Whilst covid-19 may have thrown a spanner in the works; our employees still spend a third of their time working (albeit now from the home office). We're no strangers to the fact that our general wellbeing is both affected by work and impacts our output quality.
Long gone are the days where wellbeing was a buzzword; in fact, now more than ever, the global pandemic has highlighted the role of employers in supporting their employees in the management of their physical, mental, emotional and social wellbeing.
Thrive: (verb) meaning to prosper or flourish.
To describe your employees as thriving suggests that they are successful, happy, healthy or strong. Perhaps you'd like to do a quick pulse check; how many of your employees would use one of these words, or something similar, to describe their current state of wellbeing? I'm going to go out on a limb here and assume not many!
The Human Resources community of any organisation is a valuable partner in the employee's journey to better health and wellbeing. Managers and leaders within an organisation have a responsibility towards cultivating an organisational culture that promotes its employees' wellbeing.
What can we, as HR or Wellness practitioners do differently in 2021?
1. You've got to walk the wellness talk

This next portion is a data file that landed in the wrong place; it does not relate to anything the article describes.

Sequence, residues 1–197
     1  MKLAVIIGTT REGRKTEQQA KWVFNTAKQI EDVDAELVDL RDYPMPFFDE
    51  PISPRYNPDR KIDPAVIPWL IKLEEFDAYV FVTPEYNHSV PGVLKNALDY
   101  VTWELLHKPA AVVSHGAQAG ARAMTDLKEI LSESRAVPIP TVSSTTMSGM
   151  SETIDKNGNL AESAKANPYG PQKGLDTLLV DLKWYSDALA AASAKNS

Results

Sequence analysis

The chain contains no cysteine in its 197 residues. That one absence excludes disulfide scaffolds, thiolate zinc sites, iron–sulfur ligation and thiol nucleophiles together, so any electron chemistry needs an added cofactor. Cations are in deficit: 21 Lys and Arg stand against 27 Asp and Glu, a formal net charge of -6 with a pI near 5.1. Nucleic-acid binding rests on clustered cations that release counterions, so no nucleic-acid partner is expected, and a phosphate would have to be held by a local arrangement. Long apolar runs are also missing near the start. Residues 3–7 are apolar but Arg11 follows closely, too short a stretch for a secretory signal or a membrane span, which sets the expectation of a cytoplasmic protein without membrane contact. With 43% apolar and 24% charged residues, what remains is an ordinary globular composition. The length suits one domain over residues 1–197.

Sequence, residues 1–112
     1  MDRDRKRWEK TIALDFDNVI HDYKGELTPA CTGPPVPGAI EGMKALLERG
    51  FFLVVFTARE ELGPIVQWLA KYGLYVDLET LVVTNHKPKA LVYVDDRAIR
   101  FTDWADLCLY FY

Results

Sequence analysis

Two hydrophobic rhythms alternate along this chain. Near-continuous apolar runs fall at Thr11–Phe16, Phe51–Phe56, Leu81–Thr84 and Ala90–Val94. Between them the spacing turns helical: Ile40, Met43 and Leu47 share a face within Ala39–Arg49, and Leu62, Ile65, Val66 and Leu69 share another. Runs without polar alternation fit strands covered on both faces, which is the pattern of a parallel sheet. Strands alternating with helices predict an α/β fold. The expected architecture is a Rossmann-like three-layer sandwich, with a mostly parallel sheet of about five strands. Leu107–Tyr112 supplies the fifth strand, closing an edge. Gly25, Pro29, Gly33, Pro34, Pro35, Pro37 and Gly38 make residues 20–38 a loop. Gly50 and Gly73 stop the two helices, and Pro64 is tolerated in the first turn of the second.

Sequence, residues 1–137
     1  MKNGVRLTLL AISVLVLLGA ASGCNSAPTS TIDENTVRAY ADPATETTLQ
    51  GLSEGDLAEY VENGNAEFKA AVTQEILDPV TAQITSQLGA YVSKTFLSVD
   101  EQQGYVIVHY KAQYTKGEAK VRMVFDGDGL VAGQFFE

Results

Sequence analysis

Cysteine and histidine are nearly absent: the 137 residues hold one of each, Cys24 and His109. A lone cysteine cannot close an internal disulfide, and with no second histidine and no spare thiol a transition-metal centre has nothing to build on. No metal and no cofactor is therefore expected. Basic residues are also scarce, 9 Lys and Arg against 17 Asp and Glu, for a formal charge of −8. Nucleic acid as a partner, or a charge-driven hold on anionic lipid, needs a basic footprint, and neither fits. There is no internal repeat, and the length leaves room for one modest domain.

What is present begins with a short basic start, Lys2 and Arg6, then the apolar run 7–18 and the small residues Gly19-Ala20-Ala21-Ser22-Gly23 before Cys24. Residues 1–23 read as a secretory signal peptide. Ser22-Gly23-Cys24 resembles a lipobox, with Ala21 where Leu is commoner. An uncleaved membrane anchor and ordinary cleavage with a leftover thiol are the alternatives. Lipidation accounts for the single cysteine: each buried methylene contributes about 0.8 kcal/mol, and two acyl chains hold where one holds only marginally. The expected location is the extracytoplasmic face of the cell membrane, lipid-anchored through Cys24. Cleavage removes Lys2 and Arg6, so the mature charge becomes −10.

You can't pop off an email inviting employees to participate in wellness screening or a virtual talk on resilience and expect a good uptake. The reality is, healthy behaviour starts at the top, and you and your team of leaders should be leading by example.
I can't overemphasise the importance of leaders as advocates for health and wellbeing. You should be visible, putting your hand-up and participating in the wellness activities your organisation has to offer. In doing so, you not only reinforce an organisational culture that prioritises employee wellbeing, but you also create opportunities for dialogue around work-life balance, mental health and burnout.
2. Put your feelers out to gauge enthusiasm
You can't keep doing what you've always done. You need to regularly check-in with employees, investigating what is working well and what needs to change. Whilst we can measure and quantify wellness return on investment through participation rates, sick leave, etc., one shouldn't underestimate the value of quantitative data, primarily through regular feedback on the quality and type of content. Feedback will go a long way in keeping your employees engaged, ensuring sustained participation in the long run.
Make a point to tweak your offering, try something new and ask your audience for suggestions.
3. Provide an inclusive wellness offering
Be mindful of your audience by offering a holistic programme that promotes your employees' diverse needs and genuinely creates an inclusive environment.
Include-empower.com provides a fantastic overview of the relationship between D&I in wellness:
Workplaces that are inclusive tend to foster enhanced wellbeing
Employees with high-levels of wellbeing tend to be more inclusive
Wellness Programmes should accommodate the unique needs of different employees
Recognise that mental health and wellbeing are in themselves a diversity requirement
The global pandemic has very much thrown corporate wellness into the limelight once again. Most organisations spent a large part of the last year grappling with the change, and stress covid-19 has hurled at the world – this year, I encourage you to take some time out to redefine wellbeing and wellness for your organisation. Perhaps we can help our employees thrive this year!